Requests for comment

shortcut: RFC

Requests for Comments (RFC) are used by the Wikimedia Technical Committee to track technical decisions within the committee's scope that are strategic, cross-cutting, or hard to undo. Such decisions about software maintained by Wikimedia should follow the RFC process.

Other changes to MediaWiki (and other Wikimedia software), including bug fixes, optimizations, and documentation improvements, can be submitted to Gerrit and follow the normal code review process.

How to participateEdit

The purpose of a technical RFC is to make a technical decision about MediaWiki or related software. If you are an active participant in the Wikimedia movement, then the tech RFC process is probably very different from the one used on your home wiki.

People with all skillsets are welcome to provide information during a technical RFC. This includes Wikimedia users, third-party users, bot operators, designers, developers, and more.

There are often multiple separate opportunities to discuss the RFC, including commenting on Phabricator, joining discussions on the wikitech-l mailing list, participating in a scheduled IRC office hour, or posting to project pages on this wiki. However, a technical RFC is not a vote or popularity contest, and it is not a consensus of what participants wish. TechCom makes the final decision, in accordance with its view of what's best for the integrity, consistency, stability, and performance of MediaWiki.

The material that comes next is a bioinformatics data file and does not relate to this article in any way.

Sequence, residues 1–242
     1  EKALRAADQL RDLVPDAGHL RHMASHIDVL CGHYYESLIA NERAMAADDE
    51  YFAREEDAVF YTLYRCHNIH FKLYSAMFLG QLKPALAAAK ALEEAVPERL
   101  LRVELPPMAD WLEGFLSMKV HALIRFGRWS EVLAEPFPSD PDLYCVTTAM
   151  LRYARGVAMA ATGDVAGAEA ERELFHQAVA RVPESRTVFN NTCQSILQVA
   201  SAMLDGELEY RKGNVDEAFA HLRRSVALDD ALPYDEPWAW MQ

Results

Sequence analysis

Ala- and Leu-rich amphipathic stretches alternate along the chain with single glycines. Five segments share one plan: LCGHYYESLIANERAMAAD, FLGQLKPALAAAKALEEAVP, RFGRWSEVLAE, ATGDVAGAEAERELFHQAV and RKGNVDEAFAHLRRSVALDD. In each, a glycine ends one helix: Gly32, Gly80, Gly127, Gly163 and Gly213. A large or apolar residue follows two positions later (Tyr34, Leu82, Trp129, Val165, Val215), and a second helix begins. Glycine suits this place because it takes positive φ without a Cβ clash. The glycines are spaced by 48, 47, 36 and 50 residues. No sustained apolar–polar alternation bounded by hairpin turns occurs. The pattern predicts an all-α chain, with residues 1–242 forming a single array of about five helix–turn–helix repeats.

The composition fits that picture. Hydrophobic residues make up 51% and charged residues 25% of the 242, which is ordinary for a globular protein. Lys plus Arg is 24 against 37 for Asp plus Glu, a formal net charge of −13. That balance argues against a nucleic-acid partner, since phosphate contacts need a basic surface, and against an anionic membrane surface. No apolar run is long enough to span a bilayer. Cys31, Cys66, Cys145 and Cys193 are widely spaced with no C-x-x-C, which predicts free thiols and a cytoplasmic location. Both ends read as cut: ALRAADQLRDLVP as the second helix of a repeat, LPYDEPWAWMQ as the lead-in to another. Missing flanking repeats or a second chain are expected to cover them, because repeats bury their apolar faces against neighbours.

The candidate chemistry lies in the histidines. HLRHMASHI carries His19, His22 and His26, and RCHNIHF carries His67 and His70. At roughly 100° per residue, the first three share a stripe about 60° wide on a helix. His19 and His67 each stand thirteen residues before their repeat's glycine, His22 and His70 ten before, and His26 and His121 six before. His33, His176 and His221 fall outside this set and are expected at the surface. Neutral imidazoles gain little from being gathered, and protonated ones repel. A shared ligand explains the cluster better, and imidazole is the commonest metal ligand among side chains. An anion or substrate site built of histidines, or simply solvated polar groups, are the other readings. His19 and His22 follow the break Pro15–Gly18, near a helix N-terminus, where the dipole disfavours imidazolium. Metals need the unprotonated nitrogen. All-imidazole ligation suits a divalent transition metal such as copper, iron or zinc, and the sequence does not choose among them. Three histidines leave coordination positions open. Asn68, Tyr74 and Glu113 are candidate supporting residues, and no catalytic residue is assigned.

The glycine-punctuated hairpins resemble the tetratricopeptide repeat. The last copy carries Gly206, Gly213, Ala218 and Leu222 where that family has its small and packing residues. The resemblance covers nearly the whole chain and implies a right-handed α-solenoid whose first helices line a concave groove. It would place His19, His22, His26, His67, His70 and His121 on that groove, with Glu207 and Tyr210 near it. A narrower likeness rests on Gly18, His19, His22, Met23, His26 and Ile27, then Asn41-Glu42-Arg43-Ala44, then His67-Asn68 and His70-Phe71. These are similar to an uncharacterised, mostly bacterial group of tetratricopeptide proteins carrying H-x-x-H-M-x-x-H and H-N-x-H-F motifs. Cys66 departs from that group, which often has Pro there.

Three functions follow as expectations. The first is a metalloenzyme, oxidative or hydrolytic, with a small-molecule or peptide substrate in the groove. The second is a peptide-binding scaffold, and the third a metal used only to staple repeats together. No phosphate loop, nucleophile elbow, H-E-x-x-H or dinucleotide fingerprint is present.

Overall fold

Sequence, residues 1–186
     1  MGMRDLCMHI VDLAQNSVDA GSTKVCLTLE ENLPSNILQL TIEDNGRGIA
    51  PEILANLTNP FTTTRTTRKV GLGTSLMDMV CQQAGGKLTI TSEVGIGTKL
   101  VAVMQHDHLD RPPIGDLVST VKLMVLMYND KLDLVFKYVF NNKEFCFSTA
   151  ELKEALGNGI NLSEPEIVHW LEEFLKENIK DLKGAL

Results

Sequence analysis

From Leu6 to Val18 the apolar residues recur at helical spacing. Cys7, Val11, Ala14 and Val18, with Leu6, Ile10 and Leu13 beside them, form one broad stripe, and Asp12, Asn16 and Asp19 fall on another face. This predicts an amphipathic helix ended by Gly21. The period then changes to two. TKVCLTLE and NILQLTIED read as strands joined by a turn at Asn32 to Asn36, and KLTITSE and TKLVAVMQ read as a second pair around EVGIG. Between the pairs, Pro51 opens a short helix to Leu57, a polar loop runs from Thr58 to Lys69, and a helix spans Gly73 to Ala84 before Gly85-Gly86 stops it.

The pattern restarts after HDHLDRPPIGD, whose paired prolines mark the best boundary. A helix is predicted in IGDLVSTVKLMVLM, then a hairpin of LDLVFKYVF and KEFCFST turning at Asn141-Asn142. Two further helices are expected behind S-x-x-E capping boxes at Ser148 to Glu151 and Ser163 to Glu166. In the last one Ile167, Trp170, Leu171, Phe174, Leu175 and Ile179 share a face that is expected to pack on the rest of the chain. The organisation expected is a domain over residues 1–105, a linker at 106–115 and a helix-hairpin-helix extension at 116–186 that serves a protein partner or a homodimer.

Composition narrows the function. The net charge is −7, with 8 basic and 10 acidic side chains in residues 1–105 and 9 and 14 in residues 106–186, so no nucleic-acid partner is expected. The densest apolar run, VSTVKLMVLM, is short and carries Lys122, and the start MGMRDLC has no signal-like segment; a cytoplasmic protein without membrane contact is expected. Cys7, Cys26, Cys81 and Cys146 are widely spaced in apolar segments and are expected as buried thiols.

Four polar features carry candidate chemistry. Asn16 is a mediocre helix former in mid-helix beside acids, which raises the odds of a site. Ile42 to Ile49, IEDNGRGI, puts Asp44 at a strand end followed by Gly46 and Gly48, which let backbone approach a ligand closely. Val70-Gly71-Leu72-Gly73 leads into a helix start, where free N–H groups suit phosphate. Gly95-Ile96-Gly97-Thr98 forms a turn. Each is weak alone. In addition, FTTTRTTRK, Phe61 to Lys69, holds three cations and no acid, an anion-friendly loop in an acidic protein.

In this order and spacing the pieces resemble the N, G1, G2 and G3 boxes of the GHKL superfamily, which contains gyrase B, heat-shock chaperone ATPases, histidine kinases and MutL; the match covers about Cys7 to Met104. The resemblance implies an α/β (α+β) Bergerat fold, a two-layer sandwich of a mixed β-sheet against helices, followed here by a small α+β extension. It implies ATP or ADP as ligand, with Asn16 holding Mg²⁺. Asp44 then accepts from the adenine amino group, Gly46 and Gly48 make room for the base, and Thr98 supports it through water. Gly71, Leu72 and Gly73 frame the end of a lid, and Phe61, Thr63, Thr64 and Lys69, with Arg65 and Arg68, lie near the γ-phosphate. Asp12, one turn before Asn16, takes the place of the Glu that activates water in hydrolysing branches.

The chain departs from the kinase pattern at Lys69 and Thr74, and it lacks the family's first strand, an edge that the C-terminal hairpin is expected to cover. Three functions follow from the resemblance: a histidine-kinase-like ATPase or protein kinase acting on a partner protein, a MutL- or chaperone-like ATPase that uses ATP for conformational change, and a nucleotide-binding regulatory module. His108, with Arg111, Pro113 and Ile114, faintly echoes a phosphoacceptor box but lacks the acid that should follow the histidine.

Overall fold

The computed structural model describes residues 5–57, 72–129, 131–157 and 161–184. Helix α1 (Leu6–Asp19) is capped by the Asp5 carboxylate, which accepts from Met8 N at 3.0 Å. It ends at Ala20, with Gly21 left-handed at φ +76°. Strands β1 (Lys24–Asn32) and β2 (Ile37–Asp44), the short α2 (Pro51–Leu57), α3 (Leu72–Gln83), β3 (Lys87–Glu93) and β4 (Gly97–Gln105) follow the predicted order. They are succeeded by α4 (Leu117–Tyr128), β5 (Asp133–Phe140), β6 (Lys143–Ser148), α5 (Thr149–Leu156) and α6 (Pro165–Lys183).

There is no set timeline for a technical RFC. Some RFCs may be closed within a couple of weeks, and others may be open more than a year. The RFC is closed when TechCom is confident that it can make a good decision.

Active and Archived RFCsEdit

RFCs started in 2015 or later are tracked in Phabricator

Older RfCs can be found in the Requests for comment category; for some easier-to-scan partial lists, see these diffs from December 2014: active and archived.

See alsoEdit

  • m:Community Consultations – a separate process, usually used to gather information from editors about non-technical subjects
  • m:Requests for comment – a separate process, used by editors to make decisions about things editors have control over (e.g. content policies)